The Press Complaints Commission: from 'Last Chance Saloon' to 'Toothless Poodle'

The phone hacking scandal has put the spotlight on the British media industry's self-regulatory body, revealing a history of weakness and failure. So what is the future of the PCC and press regulation in the UK?
Tim Holmes
5 August 2011

As phone-hacking has dominated the British media in recent weeks, the tide seems finally to have turned against the Press Complaints Commission – the industry self-regulatory body charged with upholding standards of accuracy and integrity in the press. The body’s head, Lady Buscombe, has announced her departure next January; and leaders of all three main political parties now favour its dissolution. The PCC has been called a “toothless poodle” of the press (Ed Miliband); “ineffective”, “lacking in rigour” and not “truly independent”(David Cameron); “absolutely ludicrous” and “run by the media, for the media” (Nick Clegg). Proposals for its replacement remain divisive, though. While Miliband is continuing to back self-regulation, Cameron has called for a body that is putatively independent of both state and press.

Curiously enough, in May Cameron was telling the Today Programme that “actually the Press Complaints Commission (PCC) has come on a lot in recent years, and we should be working with that organisation”. By this point, all relevant evidence of the PCC’s systemic failure on phone-hacking was already public. As Channel Four’s Jon Snow recently tweeted, “We knew it was happening ... all of it in a sense, why didn't we do more about it?” A February 2010 Parliamentary Select Committee report, for instance, condemned the PCC for an inquiry that had not “fully, or forensically, considered all the evidence”; “effectively exonerated the News of the World”; and was “simplistic, surprising and a further failure of self-regulation”. Members noted that the PCC “quoted selectively from police evidence” and “did not carry out a proper investigation”. A week later, the International Federation of Journalists condemned the PCC for “wholly inadequate” reports on phone-hacking that “weakened its credibility”; “revealed major failings in its mandate and its ways of operating”; and portrayed the scandal as “just ‘two bad apples’ in an otherwise virtuous Garden of Eden”. With the PCC successfully sued after Buscombe libelled a lawyer in her defence of the News of the World, and the recent arrest of that paper’s former Deputy Editor Neil Wallis – himself a PCC member – its reputation has now hit rock-bottom.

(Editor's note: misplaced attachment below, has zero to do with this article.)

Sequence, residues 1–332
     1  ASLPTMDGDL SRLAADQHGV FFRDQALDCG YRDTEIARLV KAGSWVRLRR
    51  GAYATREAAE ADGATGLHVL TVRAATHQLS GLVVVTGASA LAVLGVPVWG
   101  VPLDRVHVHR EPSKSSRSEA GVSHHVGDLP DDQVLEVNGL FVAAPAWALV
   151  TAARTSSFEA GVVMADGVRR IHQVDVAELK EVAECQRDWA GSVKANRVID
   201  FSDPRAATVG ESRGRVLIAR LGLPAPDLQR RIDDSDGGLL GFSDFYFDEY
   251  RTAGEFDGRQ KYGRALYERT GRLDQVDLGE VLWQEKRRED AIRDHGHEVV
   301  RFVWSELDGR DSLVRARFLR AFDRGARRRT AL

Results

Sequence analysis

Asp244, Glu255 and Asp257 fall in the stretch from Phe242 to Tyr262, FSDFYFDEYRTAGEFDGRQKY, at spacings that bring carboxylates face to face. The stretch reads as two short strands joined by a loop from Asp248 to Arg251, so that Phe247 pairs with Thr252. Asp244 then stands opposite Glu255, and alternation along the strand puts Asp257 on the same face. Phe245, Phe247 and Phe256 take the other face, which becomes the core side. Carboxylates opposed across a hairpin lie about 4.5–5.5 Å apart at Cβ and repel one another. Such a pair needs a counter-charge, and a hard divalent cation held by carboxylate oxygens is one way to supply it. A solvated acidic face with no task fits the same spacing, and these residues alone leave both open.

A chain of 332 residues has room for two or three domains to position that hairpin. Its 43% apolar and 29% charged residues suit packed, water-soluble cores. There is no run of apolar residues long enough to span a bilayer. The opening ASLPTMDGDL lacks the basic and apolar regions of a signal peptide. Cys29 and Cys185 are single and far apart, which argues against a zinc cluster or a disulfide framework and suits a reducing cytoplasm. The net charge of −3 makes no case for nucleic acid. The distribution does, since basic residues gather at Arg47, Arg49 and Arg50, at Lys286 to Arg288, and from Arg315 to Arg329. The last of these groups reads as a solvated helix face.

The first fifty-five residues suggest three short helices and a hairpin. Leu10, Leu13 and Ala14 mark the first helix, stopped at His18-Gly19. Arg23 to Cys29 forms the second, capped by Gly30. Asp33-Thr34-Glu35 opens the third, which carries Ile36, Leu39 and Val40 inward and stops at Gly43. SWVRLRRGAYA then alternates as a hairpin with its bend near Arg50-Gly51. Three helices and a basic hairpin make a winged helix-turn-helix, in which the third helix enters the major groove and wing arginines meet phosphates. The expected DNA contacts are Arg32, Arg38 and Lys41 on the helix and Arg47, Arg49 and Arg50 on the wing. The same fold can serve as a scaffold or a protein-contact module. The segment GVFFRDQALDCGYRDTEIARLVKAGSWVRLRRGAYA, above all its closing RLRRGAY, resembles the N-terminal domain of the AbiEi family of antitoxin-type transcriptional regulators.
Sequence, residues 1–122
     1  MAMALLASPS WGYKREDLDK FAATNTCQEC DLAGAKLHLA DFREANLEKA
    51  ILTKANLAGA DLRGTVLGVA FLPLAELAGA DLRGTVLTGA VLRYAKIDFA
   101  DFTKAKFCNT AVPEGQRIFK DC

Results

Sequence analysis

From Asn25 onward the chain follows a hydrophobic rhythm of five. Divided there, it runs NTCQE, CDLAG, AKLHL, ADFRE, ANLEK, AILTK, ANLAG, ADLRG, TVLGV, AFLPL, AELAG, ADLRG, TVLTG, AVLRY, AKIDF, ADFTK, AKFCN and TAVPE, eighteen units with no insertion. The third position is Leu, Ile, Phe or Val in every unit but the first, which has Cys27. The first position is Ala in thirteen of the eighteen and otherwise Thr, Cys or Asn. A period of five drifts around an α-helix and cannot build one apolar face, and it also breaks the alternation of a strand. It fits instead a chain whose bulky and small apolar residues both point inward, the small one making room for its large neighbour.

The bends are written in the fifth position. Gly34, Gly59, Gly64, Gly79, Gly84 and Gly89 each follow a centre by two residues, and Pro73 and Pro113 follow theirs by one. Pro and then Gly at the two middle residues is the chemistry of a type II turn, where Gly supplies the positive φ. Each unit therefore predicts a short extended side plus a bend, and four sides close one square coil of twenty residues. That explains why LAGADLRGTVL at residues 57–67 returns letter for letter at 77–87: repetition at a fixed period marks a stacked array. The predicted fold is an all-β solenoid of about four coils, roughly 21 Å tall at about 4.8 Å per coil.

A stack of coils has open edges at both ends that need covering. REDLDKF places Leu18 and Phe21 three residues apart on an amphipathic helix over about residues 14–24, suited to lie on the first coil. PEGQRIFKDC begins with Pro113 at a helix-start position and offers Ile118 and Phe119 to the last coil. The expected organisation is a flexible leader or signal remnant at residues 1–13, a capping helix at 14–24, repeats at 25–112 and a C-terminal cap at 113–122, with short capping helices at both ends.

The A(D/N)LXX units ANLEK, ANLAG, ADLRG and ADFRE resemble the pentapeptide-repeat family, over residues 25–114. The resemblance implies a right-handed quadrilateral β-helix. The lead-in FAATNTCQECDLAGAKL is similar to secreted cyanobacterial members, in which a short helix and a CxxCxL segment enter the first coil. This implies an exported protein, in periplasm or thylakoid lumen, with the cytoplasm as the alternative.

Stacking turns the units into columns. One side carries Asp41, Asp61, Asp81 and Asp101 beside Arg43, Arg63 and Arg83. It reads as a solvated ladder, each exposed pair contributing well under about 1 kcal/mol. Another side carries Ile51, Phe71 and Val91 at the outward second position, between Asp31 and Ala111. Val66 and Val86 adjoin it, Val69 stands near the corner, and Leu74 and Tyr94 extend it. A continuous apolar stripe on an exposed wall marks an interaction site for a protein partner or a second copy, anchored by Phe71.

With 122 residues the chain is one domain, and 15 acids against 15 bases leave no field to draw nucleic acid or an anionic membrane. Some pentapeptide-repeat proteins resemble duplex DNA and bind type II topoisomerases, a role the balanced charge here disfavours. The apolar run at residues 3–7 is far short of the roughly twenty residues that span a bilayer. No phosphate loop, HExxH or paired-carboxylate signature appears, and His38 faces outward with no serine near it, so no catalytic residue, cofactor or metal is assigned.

Clearly, the Milly Dowler revelations “changed the politics”: the political class can no longer cover for the PCC’s systemic failings.

The history of the PCC

The PCC’s overall record is not flattering. The body was created in 1991 as a “Last Chance Saloon”, following the failure of the nearly forty-year-old self-regulatory body the Press Council, and amid public outrage at some familiar tabloid abuses: “paying criminals or police for their news, fabricating stories, or intruding on the privacy of politicians and royals.”

Sir David Calcutt, who proposed the PCC’s formation, recommended statutory intervention if continued self-regulation failed. Yet within two years, his 1993 Review of Press Self Regulation was already condemning the body as “not ... an effective regulator of the press” and “not the truly independent body that it should be”. Nevertheless, as former Mirror editor Roy Greenslade recounts, press resistance and Governmental reluctance to intervene prevented Calcutt’s proposed statutory body being realised. That same year, polls found one in ten people believed journalists could generally be trusted to tell the truth. This year the figure remained less than one in five.

For a start, the body is profoundly compromised by its funding and staffing. As founder member of the PCC, former Daily Telegraph and Evening Standard editor (and defender of self-regulation) Max Hastings points out,

“some British newspapers flourish on habitual indifference as to whether what they print might be true or not. And the editors of such titles ... are invited to take their turns as members of the Press Complaints Commission.”